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 Matthias February 28, 2002 10:08

LES of Jet

Dear all,

I would like to calculate a turbulent jet using LES. I have problems at the outflow. The BCD are as follow:

ENTRAINMENT |---------------------------------| | | | I |O ||N |U ||L |T ||E |L | T |E | |T |---------------------------------|

ENTRAINMENT

at the Inlet (nozzle): tanh-velocity profile Entrainment region : v- or w velocity

(for entrainment mass flow) outlet : convective bcd or

extrapolated bcd Model : Smagor.

The domain has a size of 18D x 10D x 10D where D is the size of the nozzle.

The problem: At the outlet the pressure decreases and subsequently the velocity increases and finaly the solution "runs away".

Has anybody calculated such a problem? Where are my mistakes. Any suggestions/remarks are very appreciated.

Matthias

 kalyan March 1, 2002 13:49

Re: LES of Jet

Matthias,

How do you specify v- and/or w-velocities at the entrainment boundaries. What you really need are some sort of unsteady entrainment BCs which are hard to prescribe. The scaling laws for turbulent jets would only provide steady state estimates of entrainment.

Some have suggested the computation of entrainment velocities by extrapolating from the inside of the computational domain. Such an approach would not be mathematically sound.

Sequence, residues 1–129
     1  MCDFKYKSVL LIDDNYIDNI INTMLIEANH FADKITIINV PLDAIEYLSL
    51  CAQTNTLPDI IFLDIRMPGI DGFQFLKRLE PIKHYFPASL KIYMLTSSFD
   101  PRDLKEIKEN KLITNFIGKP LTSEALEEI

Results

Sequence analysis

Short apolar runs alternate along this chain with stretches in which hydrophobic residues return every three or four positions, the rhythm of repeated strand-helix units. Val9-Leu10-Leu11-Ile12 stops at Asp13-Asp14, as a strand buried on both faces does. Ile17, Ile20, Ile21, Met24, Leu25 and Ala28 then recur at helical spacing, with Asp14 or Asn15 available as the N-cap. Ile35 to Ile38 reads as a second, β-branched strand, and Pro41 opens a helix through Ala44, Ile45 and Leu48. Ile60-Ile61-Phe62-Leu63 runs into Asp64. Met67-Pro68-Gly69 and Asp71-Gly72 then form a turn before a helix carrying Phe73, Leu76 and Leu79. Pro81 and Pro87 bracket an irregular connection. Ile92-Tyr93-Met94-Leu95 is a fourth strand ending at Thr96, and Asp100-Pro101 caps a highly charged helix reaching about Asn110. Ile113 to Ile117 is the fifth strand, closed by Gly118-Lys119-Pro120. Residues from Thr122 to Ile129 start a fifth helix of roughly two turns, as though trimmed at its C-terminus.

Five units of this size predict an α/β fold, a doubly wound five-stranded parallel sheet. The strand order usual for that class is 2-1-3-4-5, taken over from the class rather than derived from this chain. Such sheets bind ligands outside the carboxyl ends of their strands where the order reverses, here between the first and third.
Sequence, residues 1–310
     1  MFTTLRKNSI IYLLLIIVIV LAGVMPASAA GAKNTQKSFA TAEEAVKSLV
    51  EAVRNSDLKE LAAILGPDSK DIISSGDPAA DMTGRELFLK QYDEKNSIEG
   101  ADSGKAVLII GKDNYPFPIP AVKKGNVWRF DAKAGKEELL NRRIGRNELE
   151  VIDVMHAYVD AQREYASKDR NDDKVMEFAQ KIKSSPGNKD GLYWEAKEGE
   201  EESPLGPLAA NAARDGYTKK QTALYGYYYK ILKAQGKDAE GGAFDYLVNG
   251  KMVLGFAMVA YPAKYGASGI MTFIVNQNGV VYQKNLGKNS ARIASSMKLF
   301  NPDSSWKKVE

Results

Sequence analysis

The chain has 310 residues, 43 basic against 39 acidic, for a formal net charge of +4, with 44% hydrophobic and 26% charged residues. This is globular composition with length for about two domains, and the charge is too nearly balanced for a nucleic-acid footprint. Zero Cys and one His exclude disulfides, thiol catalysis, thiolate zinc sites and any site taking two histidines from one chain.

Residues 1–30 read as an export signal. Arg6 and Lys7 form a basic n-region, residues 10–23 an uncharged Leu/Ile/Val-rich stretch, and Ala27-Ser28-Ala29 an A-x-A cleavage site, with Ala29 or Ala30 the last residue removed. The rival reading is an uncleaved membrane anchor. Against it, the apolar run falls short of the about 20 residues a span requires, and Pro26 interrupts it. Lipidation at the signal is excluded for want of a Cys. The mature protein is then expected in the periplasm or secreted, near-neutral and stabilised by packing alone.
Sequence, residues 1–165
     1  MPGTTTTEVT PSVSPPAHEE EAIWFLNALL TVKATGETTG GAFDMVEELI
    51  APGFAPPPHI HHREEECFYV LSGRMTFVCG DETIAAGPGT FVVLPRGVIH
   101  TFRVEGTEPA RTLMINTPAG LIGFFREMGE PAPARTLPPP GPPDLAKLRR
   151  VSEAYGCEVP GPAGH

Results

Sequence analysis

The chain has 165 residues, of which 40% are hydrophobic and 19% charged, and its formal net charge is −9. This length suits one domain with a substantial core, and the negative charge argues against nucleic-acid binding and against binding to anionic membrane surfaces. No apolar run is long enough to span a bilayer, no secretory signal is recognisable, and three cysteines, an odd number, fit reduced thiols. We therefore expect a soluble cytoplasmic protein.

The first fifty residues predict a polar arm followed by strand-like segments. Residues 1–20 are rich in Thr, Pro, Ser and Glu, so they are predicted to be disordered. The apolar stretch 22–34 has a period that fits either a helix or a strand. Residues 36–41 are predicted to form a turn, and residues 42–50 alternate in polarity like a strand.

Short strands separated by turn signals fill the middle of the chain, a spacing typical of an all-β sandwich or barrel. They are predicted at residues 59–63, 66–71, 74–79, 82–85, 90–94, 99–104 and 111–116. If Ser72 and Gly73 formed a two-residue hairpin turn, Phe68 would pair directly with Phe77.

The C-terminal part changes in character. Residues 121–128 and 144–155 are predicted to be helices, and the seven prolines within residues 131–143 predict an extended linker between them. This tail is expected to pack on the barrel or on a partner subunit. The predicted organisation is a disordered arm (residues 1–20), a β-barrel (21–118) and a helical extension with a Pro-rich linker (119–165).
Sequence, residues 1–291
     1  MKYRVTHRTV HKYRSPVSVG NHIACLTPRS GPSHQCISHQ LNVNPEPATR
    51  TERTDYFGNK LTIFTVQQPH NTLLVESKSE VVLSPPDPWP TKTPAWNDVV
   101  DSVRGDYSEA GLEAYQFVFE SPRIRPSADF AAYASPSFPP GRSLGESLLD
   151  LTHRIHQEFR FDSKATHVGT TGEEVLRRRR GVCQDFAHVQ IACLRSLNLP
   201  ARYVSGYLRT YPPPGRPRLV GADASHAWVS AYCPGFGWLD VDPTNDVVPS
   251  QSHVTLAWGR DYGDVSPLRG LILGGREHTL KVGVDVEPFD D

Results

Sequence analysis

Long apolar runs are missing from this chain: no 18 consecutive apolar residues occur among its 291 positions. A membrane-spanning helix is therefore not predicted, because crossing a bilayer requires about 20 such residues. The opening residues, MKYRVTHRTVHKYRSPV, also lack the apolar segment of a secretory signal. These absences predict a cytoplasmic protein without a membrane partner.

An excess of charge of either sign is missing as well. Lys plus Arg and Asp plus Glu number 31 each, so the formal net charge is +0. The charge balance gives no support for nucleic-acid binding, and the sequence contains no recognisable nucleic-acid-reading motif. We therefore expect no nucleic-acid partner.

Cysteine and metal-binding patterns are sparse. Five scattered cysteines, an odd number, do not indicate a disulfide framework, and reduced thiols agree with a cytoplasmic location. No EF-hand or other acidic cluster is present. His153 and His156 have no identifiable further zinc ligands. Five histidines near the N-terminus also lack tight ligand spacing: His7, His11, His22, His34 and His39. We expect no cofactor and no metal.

Could you settle for a confined jet simulation instead of a free jet simulation. That is perhaps the easiest way of simulating jets. Also the computational domain needs to be extended far more than 18D. Since no convective outflow condition is perfectly non-reflecting (unless you use parabolized NS solvers or fully upwinded schemes), the domain of interest needs to be as far from the outflow condition as possible. It would not hurt to have a sponge region that would hinder (if not fully prevent) the noise created at the outflow boundary from propagating upstream.

Here are a few more observations from my brief experience with LES of jets. I had noticed that the effects of outflow boundary are minimal if I used a 5th order upwind-biased scheme instead of a second order scheme. Though, a recent AIAA paper by Mittal and Moin suggests the use of 2nd order central scheme over a 5th order upwind biased scheme, it was Rai and Moin who suggested earlier that the 5th order upwind-biased scheme was more preferable. Also, much is being made of the so-called kinetic energy preserving schemes in LES which are necessarily central. I have not seen a single one of these extended for variable density flows or for use on general grids. So the answer to the question : which scheme is better depends on the problem and for jets upwind-biasing helps. Since the truncation error is 5th order, I would suspect that the numerical dissipation would be much smaller than the dissipation resulting from the viscous and subgrid stresses (which usually tend to be second order in grid spacing). Hope this helps.

 Matthias March 6, 2002 03:09

Re: LES of Jet

Dear Kalyan

thanks for the answer, currently I am trying to use convectiveinflow BCD.

Of course a confined jet simulation is much more easier to model. But I'd like to simulate this problem.

You mentioned a sponge layer at the outflow, I have read about this in a paper of Freud, but without details. Can you please refer to a paper where it is described in more detail or can you say sth. about the implementation.

Thanks a lot

Matthias

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